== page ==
Access Fund Awards Over $31,000 in Climbing Conservation Grants

Access Fund is pleased to announce that it has just awarded more than $31,000 in Climbing Conservation Grants to support 12 worthy projects across the country—including parking lot build-outs, kiosks, land acquisition costs, LCO start-up fees, trail erosion mitigation, and graffiti removal. Access Fund has awarded over $60,000 in total this year to support local climbing communities with projects that preserve or enhance climbing in the United States. Since 1991, Access Fund has awarded more than $1.3 million for 423 local projects in 42 states.

Lone Peak Cirque, Utah. Ancestral lands of the Ute, Goshute, Eastern Shoshone © Andrew Burr

Carolina Climbers Coalition: Bald Mountain Creek Preserve Parking Lot & Signage
Carolina Climbers Coalition (CCC) was awarded funds to build out a parking lot and install educational signage at Bald Mountain Creek Preserve outside Burnsville, North Carolina. The area is home to 45+ boulders, with approximately 250 problems spread across three different boulder fields. However, these boulders are currently inaccessible due to a lack of public parking.

Climbing Resource Access Group of Vermont: Bolton Dome Final Capital Campaign
Climbing Resource Access Group of Vermont (CRAG-VT) was awarded funding to help complete its loan payments on the Bolton Dome property in Bolton, Vermont. Since opening in 2019, the area has become the most popular climbing resource in northwestern Vermont, featuring routes ranging from 5.3 to 5.13.

Durango Climbers Coalition: LCO Start-Up and Stewardship of Dalla Mountain Park
Durango Climbers Coalition (DCC) was awarded grant funding for nonprofit filing fees and website development to formalize itself as a nonprofit local climbing organization. A multitude of land management agencies in the region have been searching for a central point of contact in the local climbing community, and this funding will allow DCC to solidify its leadership in the region.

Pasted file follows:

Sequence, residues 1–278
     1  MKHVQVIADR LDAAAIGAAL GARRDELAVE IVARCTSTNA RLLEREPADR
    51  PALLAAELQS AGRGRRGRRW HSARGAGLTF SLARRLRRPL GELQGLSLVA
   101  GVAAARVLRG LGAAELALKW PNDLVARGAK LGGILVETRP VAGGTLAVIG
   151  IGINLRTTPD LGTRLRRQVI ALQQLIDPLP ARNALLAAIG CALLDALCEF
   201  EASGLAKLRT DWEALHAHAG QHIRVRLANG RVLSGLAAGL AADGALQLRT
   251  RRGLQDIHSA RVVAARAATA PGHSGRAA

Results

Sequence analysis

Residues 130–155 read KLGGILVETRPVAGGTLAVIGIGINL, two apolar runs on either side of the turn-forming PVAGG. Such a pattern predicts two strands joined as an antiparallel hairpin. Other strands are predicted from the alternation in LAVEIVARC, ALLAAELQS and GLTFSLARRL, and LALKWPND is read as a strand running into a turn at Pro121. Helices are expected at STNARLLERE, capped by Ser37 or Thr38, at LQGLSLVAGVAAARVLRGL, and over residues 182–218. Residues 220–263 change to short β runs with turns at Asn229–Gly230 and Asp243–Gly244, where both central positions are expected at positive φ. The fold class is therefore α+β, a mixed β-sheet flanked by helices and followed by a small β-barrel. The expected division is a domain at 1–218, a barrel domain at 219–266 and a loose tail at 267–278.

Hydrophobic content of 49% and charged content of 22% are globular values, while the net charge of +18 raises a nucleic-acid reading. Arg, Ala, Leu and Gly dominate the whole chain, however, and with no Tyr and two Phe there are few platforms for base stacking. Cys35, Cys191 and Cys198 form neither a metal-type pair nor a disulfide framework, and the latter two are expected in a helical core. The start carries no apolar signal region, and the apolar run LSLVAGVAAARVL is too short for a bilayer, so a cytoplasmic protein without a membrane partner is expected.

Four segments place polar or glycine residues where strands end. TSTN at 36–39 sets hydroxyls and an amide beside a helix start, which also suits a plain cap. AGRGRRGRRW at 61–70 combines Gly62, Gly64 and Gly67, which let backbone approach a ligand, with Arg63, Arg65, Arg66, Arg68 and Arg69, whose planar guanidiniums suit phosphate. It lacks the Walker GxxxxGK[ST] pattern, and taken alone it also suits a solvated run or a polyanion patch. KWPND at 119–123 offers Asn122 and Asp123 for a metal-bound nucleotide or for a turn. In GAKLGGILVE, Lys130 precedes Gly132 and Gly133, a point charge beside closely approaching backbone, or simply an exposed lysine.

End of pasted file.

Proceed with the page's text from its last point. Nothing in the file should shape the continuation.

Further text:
Kānaka Climbers: Opening New Climbing in Hawaii
Kānaka Climbers was awarded funding to help conduct an archaeological inventory to determine the location of cultural resources and maintain and mitigate damages to those cultural sites near climbing areas. The hope is to create a better relationship with the Department of Land and Natural Resources (DLNR), state land managers, and the local community.

Red River Gorge Climbers’ Coalition: Coal Bank Road Repair
The Red River Gorge Climbers’ Coalition was awarded funding to make essential access-road repairs to the popular Coal Bank Hollow crag. The access road currently prevents passage for some climber vehicles due to its rough nature. This project aims to fix these problems through the installation of culverts, digging of drainage ditches, the addition of gravel substrate, and overall grading of the roadbed.

Rocky Mountain Field Institute: Conservation and Stewardship of Indian Creek Canyon
Rocky Mountain Field Institute (RMFI) was awarded funding to address the proliferation of visitor-created trails, which are causing significant erosion and other natural resource damage at this world-class climbing destination. They will also conduct trail maintenance and construct belay platforms at Supercrack and Donnelly. RMFI is also working closely with Texas Tech University to invite students to spend their spring break completing stewardship work alongside RMFI staff at Indian Creek.